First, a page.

Physician Supply and Medical Education in California: a Comparison with National Trends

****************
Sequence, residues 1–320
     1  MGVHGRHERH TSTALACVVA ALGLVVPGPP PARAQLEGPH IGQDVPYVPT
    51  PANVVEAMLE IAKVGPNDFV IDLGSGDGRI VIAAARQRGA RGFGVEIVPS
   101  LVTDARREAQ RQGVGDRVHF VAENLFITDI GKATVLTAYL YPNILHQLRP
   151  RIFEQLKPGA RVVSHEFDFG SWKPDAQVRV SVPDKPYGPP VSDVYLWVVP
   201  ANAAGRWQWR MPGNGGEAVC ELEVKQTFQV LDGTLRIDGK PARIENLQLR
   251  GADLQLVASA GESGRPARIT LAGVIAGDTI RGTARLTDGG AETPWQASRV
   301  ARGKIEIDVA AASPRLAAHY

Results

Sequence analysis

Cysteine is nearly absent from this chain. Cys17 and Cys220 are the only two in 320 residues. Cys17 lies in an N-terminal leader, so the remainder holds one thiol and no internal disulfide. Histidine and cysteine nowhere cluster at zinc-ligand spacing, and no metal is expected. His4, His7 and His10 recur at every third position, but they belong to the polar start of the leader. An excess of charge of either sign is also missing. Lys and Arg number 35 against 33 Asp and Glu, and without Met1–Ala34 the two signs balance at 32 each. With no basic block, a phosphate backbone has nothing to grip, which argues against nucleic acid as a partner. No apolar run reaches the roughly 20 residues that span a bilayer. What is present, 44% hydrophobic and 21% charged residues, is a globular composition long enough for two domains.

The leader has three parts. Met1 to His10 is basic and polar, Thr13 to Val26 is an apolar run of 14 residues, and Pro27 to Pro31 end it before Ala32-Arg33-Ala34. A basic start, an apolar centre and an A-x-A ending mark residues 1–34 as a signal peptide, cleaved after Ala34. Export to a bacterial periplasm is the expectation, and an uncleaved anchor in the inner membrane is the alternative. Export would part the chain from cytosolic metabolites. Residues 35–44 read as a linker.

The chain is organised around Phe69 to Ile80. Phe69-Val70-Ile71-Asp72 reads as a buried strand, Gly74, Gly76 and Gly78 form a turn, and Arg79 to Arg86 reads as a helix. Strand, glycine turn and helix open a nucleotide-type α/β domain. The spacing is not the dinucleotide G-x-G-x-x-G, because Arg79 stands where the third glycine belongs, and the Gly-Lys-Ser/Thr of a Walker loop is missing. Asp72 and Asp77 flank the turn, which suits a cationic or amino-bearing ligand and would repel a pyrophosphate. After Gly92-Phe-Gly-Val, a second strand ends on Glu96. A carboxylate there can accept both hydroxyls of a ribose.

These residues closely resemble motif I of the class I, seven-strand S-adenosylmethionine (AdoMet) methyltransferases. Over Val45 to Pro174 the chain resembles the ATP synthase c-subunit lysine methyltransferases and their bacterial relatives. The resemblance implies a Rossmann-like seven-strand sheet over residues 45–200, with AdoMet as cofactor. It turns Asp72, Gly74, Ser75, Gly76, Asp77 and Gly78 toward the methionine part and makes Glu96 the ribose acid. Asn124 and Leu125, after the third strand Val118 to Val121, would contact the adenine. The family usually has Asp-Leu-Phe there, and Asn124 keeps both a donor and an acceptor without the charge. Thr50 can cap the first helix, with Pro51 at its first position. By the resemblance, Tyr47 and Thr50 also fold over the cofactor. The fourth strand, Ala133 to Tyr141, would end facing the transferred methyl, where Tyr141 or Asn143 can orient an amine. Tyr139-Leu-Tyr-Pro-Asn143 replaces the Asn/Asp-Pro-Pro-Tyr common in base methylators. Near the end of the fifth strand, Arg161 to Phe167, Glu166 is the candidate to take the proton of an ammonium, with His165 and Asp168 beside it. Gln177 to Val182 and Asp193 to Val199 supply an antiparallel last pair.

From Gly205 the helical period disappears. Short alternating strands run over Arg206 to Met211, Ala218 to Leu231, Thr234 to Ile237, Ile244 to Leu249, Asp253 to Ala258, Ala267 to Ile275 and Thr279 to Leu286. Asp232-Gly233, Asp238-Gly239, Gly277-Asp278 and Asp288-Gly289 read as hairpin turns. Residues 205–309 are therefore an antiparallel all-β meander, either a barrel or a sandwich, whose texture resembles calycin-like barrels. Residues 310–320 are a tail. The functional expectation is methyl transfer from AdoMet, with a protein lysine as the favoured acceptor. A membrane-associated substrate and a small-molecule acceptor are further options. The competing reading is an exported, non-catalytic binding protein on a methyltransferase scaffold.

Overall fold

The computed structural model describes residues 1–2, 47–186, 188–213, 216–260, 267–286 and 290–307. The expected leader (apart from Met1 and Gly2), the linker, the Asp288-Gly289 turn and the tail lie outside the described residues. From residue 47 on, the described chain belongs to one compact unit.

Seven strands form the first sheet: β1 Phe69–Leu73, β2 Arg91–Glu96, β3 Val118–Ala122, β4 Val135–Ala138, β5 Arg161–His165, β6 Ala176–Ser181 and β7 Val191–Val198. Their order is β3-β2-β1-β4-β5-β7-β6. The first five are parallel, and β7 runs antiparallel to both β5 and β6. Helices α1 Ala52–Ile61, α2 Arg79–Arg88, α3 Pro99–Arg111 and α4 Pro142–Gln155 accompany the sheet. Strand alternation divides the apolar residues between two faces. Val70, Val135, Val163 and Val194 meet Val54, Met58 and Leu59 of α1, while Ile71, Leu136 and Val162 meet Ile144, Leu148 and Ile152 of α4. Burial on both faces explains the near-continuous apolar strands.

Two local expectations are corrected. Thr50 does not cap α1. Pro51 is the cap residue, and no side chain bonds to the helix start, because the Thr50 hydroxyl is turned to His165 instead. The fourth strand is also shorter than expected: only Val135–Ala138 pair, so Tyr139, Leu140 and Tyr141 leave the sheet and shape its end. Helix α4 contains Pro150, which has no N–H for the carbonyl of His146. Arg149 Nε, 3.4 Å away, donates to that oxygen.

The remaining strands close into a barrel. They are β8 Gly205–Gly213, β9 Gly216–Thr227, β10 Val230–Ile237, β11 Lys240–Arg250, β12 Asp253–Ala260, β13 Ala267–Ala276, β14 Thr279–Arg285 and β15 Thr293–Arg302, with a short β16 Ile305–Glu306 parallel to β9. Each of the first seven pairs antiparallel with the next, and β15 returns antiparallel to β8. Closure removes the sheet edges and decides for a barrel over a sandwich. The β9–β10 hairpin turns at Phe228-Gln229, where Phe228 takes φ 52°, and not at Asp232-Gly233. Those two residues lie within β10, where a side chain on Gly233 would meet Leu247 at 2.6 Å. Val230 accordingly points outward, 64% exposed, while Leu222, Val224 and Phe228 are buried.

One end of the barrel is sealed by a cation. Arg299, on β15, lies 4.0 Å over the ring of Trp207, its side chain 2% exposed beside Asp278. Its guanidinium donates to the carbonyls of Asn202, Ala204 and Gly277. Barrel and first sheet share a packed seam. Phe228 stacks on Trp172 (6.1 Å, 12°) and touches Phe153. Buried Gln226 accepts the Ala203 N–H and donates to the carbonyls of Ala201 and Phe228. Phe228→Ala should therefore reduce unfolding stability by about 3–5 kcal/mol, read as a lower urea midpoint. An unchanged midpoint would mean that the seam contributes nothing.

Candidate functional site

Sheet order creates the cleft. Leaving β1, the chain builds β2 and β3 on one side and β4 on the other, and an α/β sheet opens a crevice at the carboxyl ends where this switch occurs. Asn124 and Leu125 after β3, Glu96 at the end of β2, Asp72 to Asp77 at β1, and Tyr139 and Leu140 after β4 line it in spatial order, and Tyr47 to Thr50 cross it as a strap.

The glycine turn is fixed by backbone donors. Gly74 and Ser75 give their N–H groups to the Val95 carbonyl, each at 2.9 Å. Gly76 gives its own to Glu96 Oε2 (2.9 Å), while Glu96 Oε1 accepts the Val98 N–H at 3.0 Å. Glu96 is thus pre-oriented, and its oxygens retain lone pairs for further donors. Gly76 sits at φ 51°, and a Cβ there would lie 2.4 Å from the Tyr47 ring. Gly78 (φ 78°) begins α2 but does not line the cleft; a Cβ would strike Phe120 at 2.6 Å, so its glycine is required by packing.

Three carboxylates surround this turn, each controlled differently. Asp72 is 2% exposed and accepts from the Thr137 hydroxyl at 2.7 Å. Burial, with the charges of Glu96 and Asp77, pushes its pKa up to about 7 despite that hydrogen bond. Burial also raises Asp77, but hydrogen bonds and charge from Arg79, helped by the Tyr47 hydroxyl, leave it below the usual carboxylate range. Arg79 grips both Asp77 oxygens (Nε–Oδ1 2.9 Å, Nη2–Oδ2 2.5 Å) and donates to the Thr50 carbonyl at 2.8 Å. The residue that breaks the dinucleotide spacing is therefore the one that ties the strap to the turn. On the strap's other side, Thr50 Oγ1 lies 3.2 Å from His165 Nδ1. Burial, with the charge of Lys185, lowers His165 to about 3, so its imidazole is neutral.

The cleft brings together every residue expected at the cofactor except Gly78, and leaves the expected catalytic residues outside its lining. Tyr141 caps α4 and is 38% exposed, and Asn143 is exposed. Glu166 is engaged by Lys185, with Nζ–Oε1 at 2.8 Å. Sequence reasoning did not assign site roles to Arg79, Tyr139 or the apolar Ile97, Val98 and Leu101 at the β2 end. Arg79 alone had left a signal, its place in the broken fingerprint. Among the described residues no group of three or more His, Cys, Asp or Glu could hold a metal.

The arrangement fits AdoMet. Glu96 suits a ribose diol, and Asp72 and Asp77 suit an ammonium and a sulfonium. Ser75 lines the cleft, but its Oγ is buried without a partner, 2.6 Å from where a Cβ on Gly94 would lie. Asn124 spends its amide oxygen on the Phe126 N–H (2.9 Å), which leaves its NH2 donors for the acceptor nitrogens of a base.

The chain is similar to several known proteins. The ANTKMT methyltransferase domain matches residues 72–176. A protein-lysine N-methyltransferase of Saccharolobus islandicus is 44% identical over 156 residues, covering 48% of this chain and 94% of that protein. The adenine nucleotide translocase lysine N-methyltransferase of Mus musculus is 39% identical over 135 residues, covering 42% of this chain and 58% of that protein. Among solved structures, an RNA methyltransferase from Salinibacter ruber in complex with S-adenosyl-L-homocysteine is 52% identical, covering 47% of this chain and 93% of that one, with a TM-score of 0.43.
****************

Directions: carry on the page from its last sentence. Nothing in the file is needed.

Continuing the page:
Concerns have been voiced about an impending oversupply of physicians in the United States. Do these concerns also apply to California, a state with many unique demographic characteristics? We examined trends in physician supply and medical education in California and the United States between 1980 and 1995 to better inform the formulation of workforce policies appropriate to the state's requirements for physicians. We found that similar to the United States, California has more than an ample supply of physicians in the aggregate, but too many specialists, too few underrepresented racial/ethnic minority physicians, and poor distribution of physicians across the state. However, recent growth in the supply of practicing physicians and resident physicians per capita in California has been much less dramatic than in the country overall. The state's unusually high rate of population growth has enabled California, unlike the United States as a whole, to absorb large increases in the number of practicing physicians and residents during 1980 to 1995 without substantially increasing the physician-to-population ratio. Due to a projected slowing of the state's rate of population growth, the supply of physicians per capita in the state will begin to rise steeply in coming years unless the state implements prompt reductions in the production of specialists. An immediate 25% reduction in specialist residency positions would be necessary to bring the state's supply of practicing specialists in line with projected physician requirements for the state by 2020. We conclude that major changes will be required if the state's residency programs and medical schools are to produce the number and mix of physicians the state requires. California's medical schools and residency programs will need to act in concert with federal and state government to develop effective policies to address the imbalance between physician supply and state requirements.